Top 10 Ways to Maximize Innovation

Over the past 10 weeks we explored the power of building an innovation mindset across an entire organization. Topics included examples of innovative companies, common myths of innovation, and ways to lead an organization through uncertainty. Below are 10 insights from this exploration.

  1. Innovation is an organizational mindset.
    An innovation mindset goes well beyond R&D, product development and technology. Everyone must be open to thinking differently about everything we do and how we do it. And, if current mindsets aren’t working, we must be able to change them.
  2. Things that are “normal” might need to be challenged.
    Look for places where things are normal — working just as we expect — and consider changing them. Not challenging complacency where we should can leave us vulnerable for the future.
  3. Innovation is larger (and smaller) than we think.
    Innovation is much more than new products and services. Every process — large and small — that we improve, replace or eliminate is an innovation. Even a small process change can have a huge business impact.
  4. Innovation starts with the leader.
    How we think and engage in conversations can lock or unlock a relentless innovation mindset. It starts with us. For example, do we: Focus on rigid realities or pliable possibilities? Come at things with answers or questions? Solve problems by considering limited or many perspectives? Rely on what we know or don’t know to conquer challenges?
  5. Connection, conversation, contribution, collaboration and creativity matter.
    There’s no substitute for business interactions based on genuine connections, candid conversations and strong collaboration. My relationships with leaders, employees and clients are most powerful when exploration moves in all directions. The more we look for contribution in unexpected places, the more we learn and achieve.
  6. We need contribution across boundaries to make the impossible possible.
    We can break through limits by maximizing contributions across boundaries — functional silos, generations, industries, etc.
  7. The paradox of stability serves a purpose.
    The paradox of stability can help us figure out when success might lead to complacency and trouble. These situations might require change and innovation. On the flip side, we can see where stability will keep us on course — at least for now.
  8. Give up giving up.
    Innovation takes us to unknown territory. We don’t have a roadmap because we’ve never been there before. When the going gets tough, the easiest thing to do is give up. Instead of giving up, we can create new pathways by questioning assumptions and engaging others to deliver commitments that seem impossible.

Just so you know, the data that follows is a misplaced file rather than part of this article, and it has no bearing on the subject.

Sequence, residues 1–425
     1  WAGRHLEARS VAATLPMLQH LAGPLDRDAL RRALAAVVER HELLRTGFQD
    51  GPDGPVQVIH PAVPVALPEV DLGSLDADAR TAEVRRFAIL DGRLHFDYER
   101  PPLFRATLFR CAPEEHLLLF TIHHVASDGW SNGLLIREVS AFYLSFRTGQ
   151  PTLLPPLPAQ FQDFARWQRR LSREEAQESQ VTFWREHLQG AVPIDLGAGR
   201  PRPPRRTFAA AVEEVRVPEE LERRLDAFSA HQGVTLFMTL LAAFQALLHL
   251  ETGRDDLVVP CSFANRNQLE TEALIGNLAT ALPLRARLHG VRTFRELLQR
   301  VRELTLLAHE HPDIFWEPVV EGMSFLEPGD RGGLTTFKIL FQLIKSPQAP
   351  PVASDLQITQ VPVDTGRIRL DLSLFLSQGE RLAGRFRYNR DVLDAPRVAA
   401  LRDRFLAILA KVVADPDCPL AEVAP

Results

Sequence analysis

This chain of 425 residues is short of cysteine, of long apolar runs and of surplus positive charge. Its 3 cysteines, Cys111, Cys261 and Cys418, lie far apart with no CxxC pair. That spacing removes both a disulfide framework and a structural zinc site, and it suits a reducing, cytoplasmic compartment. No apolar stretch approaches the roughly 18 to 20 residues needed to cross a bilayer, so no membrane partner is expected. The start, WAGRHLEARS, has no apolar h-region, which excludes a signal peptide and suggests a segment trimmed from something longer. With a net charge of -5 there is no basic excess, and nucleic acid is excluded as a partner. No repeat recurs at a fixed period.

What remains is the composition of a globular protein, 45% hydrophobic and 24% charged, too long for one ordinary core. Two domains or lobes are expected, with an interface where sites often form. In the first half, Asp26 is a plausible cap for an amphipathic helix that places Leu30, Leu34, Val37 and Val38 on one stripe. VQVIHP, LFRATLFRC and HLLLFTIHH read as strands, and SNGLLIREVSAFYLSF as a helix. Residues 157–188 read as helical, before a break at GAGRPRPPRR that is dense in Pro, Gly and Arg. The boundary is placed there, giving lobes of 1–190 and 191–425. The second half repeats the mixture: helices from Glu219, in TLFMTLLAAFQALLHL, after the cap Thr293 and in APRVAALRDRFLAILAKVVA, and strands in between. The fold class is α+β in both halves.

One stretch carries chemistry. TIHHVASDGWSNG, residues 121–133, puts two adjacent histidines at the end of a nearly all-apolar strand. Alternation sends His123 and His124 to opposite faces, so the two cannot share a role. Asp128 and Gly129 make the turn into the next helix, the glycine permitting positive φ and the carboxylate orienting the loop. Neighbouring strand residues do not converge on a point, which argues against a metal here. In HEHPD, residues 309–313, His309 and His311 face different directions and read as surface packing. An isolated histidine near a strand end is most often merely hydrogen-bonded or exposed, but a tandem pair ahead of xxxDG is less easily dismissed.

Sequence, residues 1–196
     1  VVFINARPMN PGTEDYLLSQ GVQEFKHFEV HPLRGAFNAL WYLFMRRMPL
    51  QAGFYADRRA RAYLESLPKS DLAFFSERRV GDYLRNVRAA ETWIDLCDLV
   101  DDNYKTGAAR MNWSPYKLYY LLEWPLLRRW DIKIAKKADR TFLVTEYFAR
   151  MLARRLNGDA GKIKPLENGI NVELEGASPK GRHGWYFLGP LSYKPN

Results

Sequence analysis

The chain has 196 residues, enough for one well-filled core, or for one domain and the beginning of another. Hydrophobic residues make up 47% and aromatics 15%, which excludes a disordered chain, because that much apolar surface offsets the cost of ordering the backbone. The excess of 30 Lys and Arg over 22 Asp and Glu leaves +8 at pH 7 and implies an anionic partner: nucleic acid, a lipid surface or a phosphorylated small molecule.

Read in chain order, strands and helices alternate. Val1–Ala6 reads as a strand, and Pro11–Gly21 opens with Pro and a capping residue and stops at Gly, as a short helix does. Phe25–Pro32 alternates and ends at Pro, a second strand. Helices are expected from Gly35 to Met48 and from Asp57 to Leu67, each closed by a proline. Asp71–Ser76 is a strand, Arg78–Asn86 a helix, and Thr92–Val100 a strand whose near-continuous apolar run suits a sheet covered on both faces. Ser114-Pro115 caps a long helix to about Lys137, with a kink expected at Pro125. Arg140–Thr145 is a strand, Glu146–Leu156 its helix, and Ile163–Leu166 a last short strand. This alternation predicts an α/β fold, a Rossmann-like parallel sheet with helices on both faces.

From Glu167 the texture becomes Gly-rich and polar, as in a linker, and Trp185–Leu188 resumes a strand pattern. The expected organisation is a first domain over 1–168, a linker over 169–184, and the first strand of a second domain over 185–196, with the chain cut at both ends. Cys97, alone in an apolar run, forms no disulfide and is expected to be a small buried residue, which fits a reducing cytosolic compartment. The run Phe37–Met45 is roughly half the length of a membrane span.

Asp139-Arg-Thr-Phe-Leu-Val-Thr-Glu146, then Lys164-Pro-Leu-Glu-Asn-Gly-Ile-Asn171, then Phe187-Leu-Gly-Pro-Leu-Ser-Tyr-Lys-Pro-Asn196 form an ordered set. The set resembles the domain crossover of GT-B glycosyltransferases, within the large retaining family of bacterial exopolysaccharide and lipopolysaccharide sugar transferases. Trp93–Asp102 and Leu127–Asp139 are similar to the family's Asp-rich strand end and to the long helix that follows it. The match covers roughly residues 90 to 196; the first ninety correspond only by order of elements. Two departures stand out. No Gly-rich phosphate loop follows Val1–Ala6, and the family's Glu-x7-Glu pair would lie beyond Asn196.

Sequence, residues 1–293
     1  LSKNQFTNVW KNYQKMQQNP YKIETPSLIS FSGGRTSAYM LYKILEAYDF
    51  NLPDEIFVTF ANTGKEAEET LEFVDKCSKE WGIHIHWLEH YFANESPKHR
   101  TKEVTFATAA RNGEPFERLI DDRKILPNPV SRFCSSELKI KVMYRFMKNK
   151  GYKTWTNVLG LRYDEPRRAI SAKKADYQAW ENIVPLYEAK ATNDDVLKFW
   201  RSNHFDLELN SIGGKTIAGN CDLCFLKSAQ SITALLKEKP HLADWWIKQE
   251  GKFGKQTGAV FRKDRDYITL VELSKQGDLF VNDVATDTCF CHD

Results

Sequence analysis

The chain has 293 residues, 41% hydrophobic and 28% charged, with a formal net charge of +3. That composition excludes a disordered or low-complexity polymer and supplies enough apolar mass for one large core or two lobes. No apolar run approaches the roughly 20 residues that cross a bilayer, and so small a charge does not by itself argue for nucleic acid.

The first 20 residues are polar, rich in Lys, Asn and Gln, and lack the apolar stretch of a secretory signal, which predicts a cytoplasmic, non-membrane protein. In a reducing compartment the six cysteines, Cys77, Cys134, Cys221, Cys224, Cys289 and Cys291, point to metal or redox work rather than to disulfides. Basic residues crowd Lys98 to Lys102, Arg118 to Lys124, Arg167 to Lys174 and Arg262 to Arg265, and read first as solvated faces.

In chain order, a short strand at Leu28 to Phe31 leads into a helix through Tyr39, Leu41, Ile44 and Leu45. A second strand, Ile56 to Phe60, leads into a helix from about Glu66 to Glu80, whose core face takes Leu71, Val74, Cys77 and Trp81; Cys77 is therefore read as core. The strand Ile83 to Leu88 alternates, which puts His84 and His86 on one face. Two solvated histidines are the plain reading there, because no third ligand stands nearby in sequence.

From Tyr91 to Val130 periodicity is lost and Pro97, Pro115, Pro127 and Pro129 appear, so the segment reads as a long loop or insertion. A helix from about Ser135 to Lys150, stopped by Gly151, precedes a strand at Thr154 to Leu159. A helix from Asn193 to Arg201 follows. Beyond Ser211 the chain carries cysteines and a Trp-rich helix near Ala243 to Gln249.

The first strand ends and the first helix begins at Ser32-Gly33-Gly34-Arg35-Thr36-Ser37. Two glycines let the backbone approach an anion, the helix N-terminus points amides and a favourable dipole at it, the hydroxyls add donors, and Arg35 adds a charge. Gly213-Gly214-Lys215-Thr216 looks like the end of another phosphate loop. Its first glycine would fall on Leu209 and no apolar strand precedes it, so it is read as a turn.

9. Leading in the fog activates innovation.
    Many leaders gravitate toward making the impossible possible. The outcome might be crystal clear in our minds, but the path to get there can be as unclear as playing golf in the fog. In times like these, we often think we’re supposed to have all the answers. But we can be better off when we realize innovation comes from not knowing. Sometimes, our best course is to elicit answers from others.
  10. Wide peripheral vision is critical.
    When leading an organization through challenges and uncertainty, we need the widest peripheral vision we can get. Conversations about not knowing open new perspectives and possibilities. Seeing new opportunities is a galvanizing force that creates an innovation mindset.

In an ever-changing business environment, where constant innovation is needed, it’s not so obvious that we need to create an innovation mindset to succeed. Leaders committed to creating an innovation mindset across the entire organization are more likely to succeed than those who don’t.

ABOUT THE AUTHOR:

Robert Rothman is a strategic partner to CEOs and C-level executives in major, multinational organizations where he leads breakthrough growth and performance initiatives. His work with executives includes the development and execution of sustainable growth strategies and the custom design and delivery of enterprise-wide conferences that produce a mindset shift and breakthrough actions.

Mr. Rothman is a regular speaker at corporate meetings and business events, on such topics as breakthrough thinking, high performance and leadership. He also leads The Alignment Intensive, which is one of Gap International’s premier programs for senior executives and their teams.

You can also follow me on twitter.